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Seller pulls out of tentative deal for men's homeless shelter site on Far East Side
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EAST TOWNE AREA | HOMELESS SHELTER

Seller pulls out of tentative deal for men's homeless shelter site on Far East Side

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Former men's homeless shelter site

A property owner has informed the city that it no longer intends to sell this building at 4111 East Towne Blvd. for a new homeless men's shelter.

To the shock and disappointment of city officials, a seller has pulled out of a tentative deal with the city for the purchase of a former child care center on the Far East Side to be used for a new men’s emergency homeless shelter and related development.

The seller, Kara Havens-Prange, had deeded the property to a limited liability corporation earlier this month, and it informed the city through its attorney late Tuesday that it was pulling out of a purchase and sale agreement and instead is selling the vacant two-story, 22,584-square-foot day care center on a two-acre parcel at 4111 East Towne Blvd. to another unidentified party.

“Obviously, this is unexpected and disappointing news,” Mayor Satya Rhodes-Conway said. “But it will not deter the city and the county from our serious intent to develop a new shelter facility.”

The news puts the city back to square one in its search for a new men’s shelter. Since late March, when COVID-19 struck, the city and partners have been temporarily sheltering homeless men at the Warner Park Community Recreation Center on the North Side. Before then, men were sheltered in three cramped church basements Downtown not suitable for that purpose during the pandemic.

The seller’s notice closely followed an announcement Tuesday by Rhodes-Conway and Dane County Executive Joe Parisi of the intent to buy the former Play Haven Child Care property and the possible purchase of an adjacent parcel with a smaller building on a half acre at 4101 East Towne Blvd., which could create a large single site where partners could develop a permanent, purpose-built shelter, a day resource center, pay-to-stay beds and/or low-cost housing.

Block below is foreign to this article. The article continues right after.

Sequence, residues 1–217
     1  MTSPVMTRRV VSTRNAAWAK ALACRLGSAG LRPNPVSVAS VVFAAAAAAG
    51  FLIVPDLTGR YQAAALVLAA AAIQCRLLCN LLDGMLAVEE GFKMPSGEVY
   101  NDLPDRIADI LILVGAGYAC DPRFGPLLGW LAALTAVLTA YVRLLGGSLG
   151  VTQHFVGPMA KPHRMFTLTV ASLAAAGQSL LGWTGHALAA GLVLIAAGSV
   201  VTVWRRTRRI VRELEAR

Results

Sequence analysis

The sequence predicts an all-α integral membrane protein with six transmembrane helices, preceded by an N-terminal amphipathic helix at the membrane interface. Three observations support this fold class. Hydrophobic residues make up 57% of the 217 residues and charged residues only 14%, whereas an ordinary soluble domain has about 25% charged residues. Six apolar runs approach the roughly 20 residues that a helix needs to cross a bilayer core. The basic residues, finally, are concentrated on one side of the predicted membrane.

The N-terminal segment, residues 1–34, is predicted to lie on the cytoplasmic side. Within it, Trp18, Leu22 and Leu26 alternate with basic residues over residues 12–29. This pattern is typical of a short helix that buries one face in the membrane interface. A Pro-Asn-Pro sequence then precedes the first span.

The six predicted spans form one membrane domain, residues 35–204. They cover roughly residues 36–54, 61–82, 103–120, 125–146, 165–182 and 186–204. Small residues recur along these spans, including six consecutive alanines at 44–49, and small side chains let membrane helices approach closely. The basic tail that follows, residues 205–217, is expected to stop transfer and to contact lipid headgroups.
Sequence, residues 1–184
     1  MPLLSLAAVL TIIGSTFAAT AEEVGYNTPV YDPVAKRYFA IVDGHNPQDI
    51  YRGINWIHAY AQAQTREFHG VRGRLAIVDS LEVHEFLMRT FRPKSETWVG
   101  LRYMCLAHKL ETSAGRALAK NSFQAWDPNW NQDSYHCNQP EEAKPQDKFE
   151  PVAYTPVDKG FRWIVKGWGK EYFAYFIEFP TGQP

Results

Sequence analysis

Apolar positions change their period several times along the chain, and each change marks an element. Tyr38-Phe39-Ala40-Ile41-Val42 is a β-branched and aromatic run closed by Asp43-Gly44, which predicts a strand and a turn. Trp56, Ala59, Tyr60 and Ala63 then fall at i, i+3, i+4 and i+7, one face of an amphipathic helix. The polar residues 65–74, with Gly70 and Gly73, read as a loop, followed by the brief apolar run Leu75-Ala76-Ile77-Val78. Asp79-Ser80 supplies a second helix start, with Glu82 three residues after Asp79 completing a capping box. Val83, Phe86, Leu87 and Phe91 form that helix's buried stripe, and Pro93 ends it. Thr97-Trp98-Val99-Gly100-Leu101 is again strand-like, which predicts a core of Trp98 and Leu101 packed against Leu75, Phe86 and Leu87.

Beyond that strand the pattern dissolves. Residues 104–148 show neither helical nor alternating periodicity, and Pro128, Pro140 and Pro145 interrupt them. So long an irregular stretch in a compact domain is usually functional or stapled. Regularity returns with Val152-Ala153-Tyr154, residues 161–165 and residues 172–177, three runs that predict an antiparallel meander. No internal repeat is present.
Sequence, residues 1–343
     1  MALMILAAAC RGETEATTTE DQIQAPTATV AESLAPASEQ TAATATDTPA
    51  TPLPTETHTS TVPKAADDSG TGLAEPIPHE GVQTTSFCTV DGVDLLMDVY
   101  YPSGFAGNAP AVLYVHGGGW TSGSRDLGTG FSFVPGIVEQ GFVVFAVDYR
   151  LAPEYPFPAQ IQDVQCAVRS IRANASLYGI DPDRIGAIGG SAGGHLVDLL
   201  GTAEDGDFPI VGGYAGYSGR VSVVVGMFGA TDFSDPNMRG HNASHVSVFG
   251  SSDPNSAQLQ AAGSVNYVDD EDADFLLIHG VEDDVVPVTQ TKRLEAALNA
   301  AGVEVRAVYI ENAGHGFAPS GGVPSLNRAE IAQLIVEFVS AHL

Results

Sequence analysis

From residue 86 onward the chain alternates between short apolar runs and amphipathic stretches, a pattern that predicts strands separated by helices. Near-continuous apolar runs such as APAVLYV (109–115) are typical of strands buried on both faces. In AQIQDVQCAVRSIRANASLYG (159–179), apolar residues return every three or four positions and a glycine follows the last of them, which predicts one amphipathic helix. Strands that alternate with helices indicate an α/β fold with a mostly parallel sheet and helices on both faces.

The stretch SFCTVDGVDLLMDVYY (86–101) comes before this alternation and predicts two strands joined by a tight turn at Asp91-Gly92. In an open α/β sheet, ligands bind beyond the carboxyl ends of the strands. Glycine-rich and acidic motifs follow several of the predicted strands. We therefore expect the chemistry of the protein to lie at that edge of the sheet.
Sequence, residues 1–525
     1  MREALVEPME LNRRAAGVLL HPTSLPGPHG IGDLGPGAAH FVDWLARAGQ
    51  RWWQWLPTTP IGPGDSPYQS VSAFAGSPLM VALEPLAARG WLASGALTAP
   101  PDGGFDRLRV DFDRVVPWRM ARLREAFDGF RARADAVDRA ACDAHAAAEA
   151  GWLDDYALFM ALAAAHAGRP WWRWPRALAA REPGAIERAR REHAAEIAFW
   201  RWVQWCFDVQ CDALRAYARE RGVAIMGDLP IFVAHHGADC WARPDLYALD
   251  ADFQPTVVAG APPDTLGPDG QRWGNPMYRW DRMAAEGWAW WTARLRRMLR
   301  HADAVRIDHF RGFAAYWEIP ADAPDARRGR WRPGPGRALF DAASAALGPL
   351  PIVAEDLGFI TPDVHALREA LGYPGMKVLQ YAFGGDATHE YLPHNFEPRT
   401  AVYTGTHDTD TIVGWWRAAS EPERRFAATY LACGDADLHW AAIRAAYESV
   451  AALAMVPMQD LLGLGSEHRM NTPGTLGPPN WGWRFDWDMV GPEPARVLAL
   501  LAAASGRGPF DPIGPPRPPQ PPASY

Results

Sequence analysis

Rhodes-Conway on Tuesday introduced to the City Council a resolution to increase the Community Development Division’s 2020 capital budget by $3 million in borrowing, with $1.3 million for the purchase of the child care property and the rest for architectural and engineering services and holding costs. The resolution was to be considered by the Finance Committee on Oct. 26 and the council on Nov. 17. It would have required a 15-vote supermajority of the 20-member council.

Parisi had already recommended the county contribute another $3 million for the initiative, with the funding awaiting County Board approval of the 2021 budget.

The child care center property, identified after a six-month search, was seen as attractive because it provided a building that could have been fairly quickly converted to use as an overnight shelter and a site large enough to accommodate a new development offering a broader array of services, Rhodes-Conway and Parisi said.

The timing of the council’s approval for funding, however, left a window for the property owner to entertain other offers.

“Together we have laid out a $6 million dollar commitment to this project, and we are focused on moving it forward as expeditiously as possible,” Rhodes-Conway said.

City staff met Wednesday morning to regroup and consider other options, said Jim O’Keefe, community development director. “There are other properties we will be looking at,” he said. “There’s a strong commitment on the part of policymakers to get this done. I’m pretty optimistic we’ll move on and find an alternative.”

Ald. Samba Baldeh, 17th District, who represents the site, said the city must address its homelessness challenge but that he had heard concerns from some opposed to the Far East Side location. “I have mixed feelings,” he said. “The reality is, this is a problem we have to solve.”

In late March, as the COVID-19 pandemic took hold, the city and nonprofit Porchlight Inc., which runs the men’s emergency shelter system, moved homeless men to the Warner Park site from the metal bunks they were using at Grace Episcopal Church and overflow spaces in the basements of St. John’s Lutheran and First United Methodist churches, where they slept side by side on mats on the floor.

The move was necessary because the church basements had limited space to practice social distancing or isolate those who may have been exposed to the virus. The system has also long posed other challenges to guests and staff.

The city, however, can’t use the Warner Park facility as a temporary shelter indefinitely. And even converting the former child care center to an interim homeless shelter would have taken 12 to 18 months, so the partners have been exploring short-term options for 2021.

At the press conference Tuesday, Rhodes-Conway said she hoped to announce a stopgap solution soon.



Tiny house village looks to expand

The timing of the City Council’s approval for funding left a window for the property owner to entertain other offers.

The timing of the City Council's approval for funding left a window for the property owner to entertain other offers.

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